Archer: Danger Island sees the plucky spy gang hard at work drinking and snarking on a tropical island full of jungle peril and cannibalistic natives, and…and…it’s a shame. Really, it is. It’s not as if it’s completely execrable now, there’s no one specific awful thing that ruined the rest of it by association, but the show as a whole is a pale shadow of its former glory.
The formatting decision to have Danger Island (and the previous series, Dreamland) take place inside Archer’s coma is a fine excuse to have it in different, exotic settings. But the fact is, the show never needed an excuse. It always played fast and loose with the timeframe – something which itself became a rich source of comedy – and saw the characters travelling literally all over the world from the word go (a decision that’s a lot easier to do in animation). Dreamland was full-blown noir, but didn’t even necessarily have to be a period piece, and it seems as if Danger Island only is to have the Nazis knocking about as go-to villains, in the same way as what sometimes feels like 90% of all media.
(This pre-WWII setting has also necessitated the Archer gang’s marvellous mad scientist, Algernop Krieger, being retired, with voice actor Lucky Yates serving instead as – sigh – a wacky talking parrot. People keep telling him to ‘shut up, bird’, which is either a misfired It’s Always Sunny In Philadelphia reference, or not a joke at all.)
Danger Island was promoted on the strength that, after Dreamland bafflingly included Jessica Walter’s Mallory as a mob boss who was merely called ‘Mother’, we would once again have Mallory cast as Archer’s actual mother – opening the door to more of their uniquely dysfunctional relationship. Something like Hamlet with even more mutual resentment and sexual neuroses. Sad to say, Danger Island completely dropped the ball here, giving Mallory far more interplay with Cheryl, with their dynamic – Cheryl works for Mallory, to Mallory’s disgust Cheryl suddenly has more power than previously thought – being basically identical to what’s been covered previously. And both Cheryl’s avenues of power here – being treated like a goddess by a Nazi platoon, being actually viewed as a goddess by the native islanders – had plenty of comic potential, yet were relegated to offhand references before quietly fizzling out.
(A great number of threads were forgotten about through Danger Island. Luigi, the proprietor of the island’s pathetic other restaurant, could have been hard-edged tragicomedy. Instead he tastelessly aped the late Woodhouse before never appearing again. And Dudu, the more effective half of the island’s police force, literally disappeared.)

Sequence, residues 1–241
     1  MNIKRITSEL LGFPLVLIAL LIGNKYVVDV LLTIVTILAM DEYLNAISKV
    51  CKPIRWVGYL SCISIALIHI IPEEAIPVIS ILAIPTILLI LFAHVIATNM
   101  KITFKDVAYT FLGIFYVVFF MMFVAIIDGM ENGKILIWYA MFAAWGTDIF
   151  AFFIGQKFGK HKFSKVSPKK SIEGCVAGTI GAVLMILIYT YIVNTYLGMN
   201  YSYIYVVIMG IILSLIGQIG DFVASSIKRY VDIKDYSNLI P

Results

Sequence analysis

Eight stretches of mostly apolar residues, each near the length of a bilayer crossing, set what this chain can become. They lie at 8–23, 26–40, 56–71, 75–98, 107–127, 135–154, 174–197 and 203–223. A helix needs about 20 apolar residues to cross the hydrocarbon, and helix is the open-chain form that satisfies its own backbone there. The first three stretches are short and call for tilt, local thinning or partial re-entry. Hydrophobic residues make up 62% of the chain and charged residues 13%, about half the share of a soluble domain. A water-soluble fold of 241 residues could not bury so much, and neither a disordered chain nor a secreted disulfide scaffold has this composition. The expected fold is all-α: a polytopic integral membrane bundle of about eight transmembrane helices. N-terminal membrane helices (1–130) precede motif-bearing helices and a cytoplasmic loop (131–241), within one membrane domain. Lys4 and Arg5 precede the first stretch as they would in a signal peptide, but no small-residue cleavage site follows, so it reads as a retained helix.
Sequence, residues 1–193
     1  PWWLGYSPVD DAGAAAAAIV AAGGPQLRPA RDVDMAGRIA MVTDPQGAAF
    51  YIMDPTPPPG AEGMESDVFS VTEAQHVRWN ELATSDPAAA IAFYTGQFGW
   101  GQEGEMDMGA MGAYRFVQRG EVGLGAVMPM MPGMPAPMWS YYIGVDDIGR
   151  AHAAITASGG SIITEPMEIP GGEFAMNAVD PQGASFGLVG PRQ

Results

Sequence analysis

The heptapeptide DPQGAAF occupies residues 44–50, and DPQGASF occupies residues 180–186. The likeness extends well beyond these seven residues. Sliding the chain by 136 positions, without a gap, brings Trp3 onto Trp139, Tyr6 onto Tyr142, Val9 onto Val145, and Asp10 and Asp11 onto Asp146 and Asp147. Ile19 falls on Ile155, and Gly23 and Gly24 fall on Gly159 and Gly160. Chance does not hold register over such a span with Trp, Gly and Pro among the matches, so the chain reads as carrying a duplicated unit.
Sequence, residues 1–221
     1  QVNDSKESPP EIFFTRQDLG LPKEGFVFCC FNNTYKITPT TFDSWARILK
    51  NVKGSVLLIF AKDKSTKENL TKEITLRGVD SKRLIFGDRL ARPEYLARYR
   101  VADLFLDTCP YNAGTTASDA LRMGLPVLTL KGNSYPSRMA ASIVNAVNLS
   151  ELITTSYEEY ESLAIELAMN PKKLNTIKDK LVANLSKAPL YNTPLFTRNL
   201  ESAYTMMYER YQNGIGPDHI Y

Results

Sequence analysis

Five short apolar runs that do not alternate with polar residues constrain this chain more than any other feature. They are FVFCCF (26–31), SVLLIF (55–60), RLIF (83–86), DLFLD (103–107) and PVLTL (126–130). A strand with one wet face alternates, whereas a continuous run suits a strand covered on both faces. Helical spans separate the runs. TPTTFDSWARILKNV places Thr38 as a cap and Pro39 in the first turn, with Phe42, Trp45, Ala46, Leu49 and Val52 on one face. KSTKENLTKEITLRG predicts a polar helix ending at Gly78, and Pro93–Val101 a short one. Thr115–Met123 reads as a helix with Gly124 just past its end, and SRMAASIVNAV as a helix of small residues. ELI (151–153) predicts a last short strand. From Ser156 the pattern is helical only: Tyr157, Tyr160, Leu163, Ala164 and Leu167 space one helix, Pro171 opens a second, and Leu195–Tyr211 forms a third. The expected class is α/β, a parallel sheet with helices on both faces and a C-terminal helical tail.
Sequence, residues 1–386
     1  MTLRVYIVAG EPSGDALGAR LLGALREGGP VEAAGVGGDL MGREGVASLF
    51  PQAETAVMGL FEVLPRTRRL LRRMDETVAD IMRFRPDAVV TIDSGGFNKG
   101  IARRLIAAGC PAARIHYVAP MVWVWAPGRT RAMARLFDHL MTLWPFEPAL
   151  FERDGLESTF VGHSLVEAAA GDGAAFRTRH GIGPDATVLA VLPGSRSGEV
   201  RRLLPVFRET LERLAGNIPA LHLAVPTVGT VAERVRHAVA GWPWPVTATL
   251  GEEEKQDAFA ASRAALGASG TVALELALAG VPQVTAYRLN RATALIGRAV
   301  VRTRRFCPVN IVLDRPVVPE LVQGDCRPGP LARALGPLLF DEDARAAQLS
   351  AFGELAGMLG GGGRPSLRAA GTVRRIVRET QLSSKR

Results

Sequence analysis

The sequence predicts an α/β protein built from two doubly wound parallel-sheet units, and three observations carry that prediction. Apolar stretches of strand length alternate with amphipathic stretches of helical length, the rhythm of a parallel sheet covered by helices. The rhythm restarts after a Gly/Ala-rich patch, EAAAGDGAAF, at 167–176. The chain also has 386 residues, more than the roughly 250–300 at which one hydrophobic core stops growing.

While Pam (Amber Nash) has more than earned her role as hero’s sidekick over the years, it feels like it’s come at a cost. Fart jokes, drawing out Archer’s vulnerability purely to riff on it, even the cannibalism, it’s all small potatoes compared to the king-hell vulgarity of a line like ‘I swear to god, you could drown a toddler in my panties right now’ – which, granted, is a tough act to follow, but that doesn’t mean you shouldn’t even try. Pam was one of the ensemble’s latest bloomers, it took a while for her to find her niche as a disgusting bare-knuckle fighter, but once she did, she became such a vital piece of the puzzle that anything which detracts from it is borderline blasphemy. Pam and Archer’s past as a duo is also reduced to fairly tepid stuff – their service in the Spanish Civil War, easily the best part, is smoothly glossed over like it’s half exposition and half inconvenience, and the rest is the utterly pedestrian tale of their snack bar folding.
Lana, meanwhile – the previous second banana of the gang – has seen her role shrink dramatically, and this is particularly noticeable in Danger Island, where she serves mainly to let the rest of the cast know there’s a sacred idol to seek out. Despite this, the finale tries to shoehorn the sexual tension between her and Archer back in. This makes sense purely as an invention of Archer’s fevered brain, but on no other level – and it’s a far cry from her being a voice of reason who, when pushed, could be just as neurotic as the rest of them.